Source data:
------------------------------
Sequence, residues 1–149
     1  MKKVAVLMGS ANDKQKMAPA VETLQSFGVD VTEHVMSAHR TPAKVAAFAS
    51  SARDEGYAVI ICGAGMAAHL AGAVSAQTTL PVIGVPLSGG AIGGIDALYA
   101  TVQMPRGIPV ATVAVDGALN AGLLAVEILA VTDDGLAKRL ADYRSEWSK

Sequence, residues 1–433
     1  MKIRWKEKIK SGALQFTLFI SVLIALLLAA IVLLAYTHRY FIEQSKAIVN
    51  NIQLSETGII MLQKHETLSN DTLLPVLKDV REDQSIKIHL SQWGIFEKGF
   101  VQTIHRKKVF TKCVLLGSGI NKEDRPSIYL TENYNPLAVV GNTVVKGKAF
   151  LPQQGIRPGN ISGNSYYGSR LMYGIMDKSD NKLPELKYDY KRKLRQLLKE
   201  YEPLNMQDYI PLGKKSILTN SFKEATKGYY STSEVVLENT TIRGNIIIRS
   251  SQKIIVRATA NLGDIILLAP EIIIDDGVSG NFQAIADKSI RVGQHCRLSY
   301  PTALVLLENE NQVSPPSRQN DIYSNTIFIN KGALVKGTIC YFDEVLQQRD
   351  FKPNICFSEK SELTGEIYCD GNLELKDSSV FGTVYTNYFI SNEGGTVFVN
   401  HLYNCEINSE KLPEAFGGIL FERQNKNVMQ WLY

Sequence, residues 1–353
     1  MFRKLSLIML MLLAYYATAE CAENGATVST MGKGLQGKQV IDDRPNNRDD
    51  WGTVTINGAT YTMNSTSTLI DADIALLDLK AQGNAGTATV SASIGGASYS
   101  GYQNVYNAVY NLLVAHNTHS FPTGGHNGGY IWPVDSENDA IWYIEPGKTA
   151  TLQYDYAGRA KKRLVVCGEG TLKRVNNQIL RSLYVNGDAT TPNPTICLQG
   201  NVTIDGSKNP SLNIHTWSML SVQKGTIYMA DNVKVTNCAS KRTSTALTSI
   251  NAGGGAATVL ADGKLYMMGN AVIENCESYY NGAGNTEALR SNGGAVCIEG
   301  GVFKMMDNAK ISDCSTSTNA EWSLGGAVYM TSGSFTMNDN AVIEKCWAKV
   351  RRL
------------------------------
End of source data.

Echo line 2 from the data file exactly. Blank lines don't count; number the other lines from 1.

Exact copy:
     1  MKKVAVLMGS ANDKQKMAPA VETLQSFGVD VTEHVMSAHR TPAKVAAFAS